It's very rare that I feel driven to comment on a news item. However, the furore that has been erupting recently in the UK press about 'heel-gate' and the various and many opinions on the insistence of women wearing high heels in the office, has spurred me to take to my keyboard.
I run a programme, and have written a book, called The High-heeled Leader, so you would be forgiven for assuming that I am in the 'heels are essential' camp.
No, I am not.
Neither am I in the 'no heels at all, flats all the way' camp.
The camp I am in is the 'whatever a woman chooses to do, for herself, is fine by me'. A camp that I am aware I may be the only inhabitant - or at least one of very few.
I was reading this morning that 'Flats are the new feminism', the way young women of today are determined not to dress according to 'men's fantasies of female stereotypes'. Really?
This whole tirade via the media reminds me of similar past 'debates'.
Like the one about working mothers. Women who chose to return to work after their child had been born were berated by those who chose to stay at home. Women who chose to stay at home were berated by those who chose to return to work.
Like the one about 'size'. Women who chose to stay 'curvy' were berated by those who chose to exercise to a skinny size and deny themselves food. Women who chose to exercise and eat little were berated by those who chose to ditch the diets and love themselves as they were.
There have been others.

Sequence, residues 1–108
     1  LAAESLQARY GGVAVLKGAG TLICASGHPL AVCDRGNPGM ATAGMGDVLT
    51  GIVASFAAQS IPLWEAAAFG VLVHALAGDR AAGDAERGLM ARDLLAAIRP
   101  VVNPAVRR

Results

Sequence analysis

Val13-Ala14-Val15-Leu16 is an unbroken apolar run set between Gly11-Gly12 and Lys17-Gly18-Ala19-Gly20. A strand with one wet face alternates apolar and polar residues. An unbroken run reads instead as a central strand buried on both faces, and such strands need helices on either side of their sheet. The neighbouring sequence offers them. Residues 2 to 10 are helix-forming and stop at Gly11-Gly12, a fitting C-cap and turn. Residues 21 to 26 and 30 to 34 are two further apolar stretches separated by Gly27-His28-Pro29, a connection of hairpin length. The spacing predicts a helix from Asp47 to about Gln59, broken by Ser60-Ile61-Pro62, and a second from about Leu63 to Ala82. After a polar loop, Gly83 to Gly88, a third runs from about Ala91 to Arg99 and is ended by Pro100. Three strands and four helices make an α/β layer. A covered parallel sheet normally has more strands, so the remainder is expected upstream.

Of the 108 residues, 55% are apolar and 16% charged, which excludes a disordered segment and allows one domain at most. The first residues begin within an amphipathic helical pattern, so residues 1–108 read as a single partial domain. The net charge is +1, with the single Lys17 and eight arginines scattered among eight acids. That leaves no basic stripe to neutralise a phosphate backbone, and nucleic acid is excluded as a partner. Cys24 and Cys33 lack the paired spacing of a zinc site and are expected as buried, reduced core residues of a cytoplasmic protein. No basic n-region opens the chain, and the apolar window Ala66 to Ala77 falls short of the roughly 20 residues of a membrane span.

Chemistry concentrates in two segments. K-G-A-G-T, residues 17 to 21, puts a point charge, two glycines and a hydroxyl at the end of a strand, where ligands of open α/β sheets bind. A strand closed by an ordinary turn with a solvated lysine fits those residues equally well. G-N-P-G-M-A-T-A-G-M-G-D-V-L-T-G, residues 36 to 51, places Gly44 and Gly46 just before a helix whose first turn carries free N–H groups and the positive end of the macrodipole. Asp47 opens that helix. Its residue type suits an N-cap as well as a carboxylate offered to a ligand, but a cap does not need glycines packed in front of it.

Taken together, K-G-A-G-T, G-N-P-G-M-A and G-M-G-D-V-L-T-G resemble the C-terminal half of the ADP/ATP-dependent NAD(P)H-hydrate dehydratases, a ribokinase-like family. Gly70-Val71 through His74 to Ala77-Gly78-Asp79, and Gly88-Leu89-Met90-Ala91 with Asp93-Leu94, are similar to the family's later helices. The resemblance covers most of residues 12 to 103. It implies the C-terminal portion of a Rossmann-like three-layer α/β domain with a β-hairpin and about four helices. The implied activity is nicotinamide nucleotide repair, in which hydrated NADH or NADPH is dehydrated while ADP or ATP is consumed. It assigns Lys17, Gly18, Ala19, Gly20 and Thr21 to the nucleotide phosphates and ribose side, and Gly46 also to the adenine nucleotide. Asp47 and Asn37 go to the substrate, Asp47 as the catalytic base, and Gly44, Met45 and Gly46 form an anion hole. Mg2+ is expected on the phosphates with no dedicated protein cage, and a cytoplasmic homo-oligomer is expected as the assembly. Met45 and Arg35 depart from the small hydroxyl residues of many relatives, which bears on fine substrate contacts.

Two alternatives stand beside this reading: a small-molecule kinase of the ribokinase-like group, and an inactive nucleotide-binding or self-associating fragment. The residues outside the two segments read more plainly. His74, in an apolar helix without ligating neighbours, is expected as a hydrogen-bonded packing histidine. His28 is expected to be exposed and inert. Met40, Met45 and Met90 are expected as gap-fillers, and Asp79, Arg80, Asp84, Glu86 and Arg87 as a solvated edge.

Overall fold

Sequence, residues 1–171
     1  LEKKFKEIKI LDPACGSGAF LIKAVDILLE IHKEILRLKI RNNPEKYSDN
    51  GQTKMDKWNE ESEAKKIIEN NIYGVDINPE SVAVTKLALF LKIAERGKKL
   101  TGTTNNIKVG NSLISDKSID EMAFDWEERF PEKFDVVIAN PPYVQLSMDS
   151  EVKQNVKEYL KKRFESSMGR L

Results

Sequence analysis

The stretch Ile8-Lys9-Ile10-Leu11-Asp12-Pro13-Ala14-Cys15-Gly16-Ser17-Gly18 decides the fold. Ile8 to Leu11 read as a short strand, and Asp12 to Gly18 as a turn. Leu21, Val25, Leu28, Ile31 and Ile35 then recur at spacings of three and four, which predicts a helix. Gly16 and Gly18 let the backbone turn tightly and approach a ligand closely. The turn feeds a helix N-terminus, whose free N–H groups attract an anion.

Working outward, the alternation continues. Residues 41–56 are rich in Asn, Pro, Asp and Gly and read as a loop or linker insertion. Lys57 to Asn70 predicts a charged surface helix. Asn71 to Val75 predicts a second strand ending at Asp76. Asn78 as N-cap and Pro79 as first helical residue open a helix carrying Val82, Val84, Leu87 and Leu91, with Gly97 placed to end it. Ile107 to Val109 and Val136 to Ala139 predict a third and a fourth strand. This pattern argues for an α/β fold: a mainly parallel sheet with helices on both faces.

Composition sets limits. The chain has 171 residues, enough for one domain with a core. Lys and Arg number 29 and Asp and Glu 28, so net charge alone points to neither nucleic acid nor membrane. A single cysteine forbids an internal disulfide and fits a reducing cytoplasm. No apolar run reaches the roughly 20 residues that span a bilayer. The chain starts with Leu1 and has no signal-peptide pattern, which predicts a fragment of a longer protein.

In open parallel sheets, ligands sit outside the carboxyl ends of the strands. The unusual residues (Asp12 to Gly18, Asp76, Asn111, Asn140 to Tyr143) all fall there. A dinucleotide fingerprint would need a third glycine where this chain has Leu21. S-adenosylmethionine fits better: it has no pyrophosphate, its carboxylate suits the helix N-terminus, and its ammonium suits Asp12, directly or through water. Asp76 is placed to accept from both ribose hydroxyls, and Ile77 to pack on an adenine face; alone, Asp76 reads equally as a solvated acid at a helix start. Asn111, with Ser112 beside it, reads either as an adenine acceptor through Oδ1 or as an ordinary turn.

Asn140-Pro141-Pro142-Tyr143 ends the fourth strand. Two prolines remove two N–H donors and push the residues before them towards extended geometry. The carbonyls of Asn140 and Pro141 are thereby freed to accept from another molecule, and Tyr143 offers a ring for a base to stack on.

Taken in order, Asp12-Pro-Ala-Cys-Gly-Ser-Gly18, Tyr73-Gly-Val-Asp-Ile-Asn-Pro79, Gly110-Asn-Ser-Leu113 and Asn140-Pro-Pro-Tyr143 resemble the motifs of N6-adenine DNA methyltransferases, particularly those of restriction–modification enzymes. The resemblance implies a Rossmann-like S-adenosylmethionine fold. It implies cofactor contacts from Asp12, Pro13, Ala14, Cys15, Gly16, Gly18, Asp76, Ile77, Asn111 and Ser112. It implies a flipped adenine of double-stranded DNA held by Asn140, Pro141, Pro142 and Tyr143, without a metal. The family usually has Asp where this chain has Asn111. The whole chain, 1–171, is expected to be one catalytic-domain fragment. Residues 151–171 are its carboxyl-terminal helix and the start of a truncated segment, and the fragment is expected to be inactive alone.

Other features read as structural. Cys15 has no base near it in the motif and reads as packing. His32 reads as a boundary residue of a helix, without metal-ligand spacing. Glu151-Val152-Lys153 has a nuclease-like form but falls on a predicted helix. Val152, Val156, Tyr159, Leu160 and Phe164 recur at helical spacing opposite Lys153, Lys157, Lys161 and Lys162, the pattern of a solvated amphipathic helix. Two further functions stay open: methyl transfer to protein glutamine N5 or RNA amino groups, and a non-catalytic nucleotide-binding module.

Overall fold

Do you recognise a theme here?
There is nothing 'feminist' in any of the above examples. In fact, what's on show here is the very opposite of feminism. It is women against women, not women for women.
I have been a personal brand consultant, amongst many other things, for the last 27 years. Have I dictated to my clients over the years that they must wear make-up and must wear heels? No!
The conversations I have had with my clients have been around empowering them to step into their natural and inner beauty, whatever that looks like for them. If a woman has never worn make-up and doesn't want to, that's fine. If a woman loves wearing make-up, that's fine too. If a woman hates wearing heels, that's fine. If a woman loves wearing heels, that's fine too.
In fact, I don't care what age or dress size you are. I don't care what your profession is. I don't care if you never want to look a lipstick in the face and loathe any shoe that has a heel more than ¼" in height.
What I do care about is that every woman recognises her beauty, regardless of anything. And however she puts herself together she does it for herself, and herself alone. Not because her partner wants it, not because her boss expects it and not because the media dictates it.
Be honest, have you ever been 'pleased' when a friend puts on weight? Ok, I'm sure you haven't, but I bet you know women who have been.
Do you know women who put down other women?
Do you know women who are jealous of other women?
Do you know women who have bullied other women?
Do you know women who have kept other women 'down' in companies, rather than encouraging their promotion and career?
Do know women who bitch about other women?
Yes, there are men who put down women and have certain views of how we should 'look'. But the real problem here is women not supporting other women.
It's a phenomenon that has been around for many a year, and it's one I hate. And it all comes down to lack of self-belief and confidence. If you feel really good about yourself then there is no need to feel threatened by another woman.
This woman-on-woman hate has to stop. Celebrate women who wear 6" heels (for their courage and ability to walk in them if nothing else!), celebrate women who wear flats every day, celebrate women who don't leave the house without make-up, celebrate women who never have, and never will, wear make-up, celebrate women who are skinny, celebrate women who are a size 24 and upwards.
As a woman in the world, just celebrate women - that's true feminism.
Suggested For You
Get top stories and blog posts emailed to me each day. Newsletters may offer personalized content or advertisements. Learn more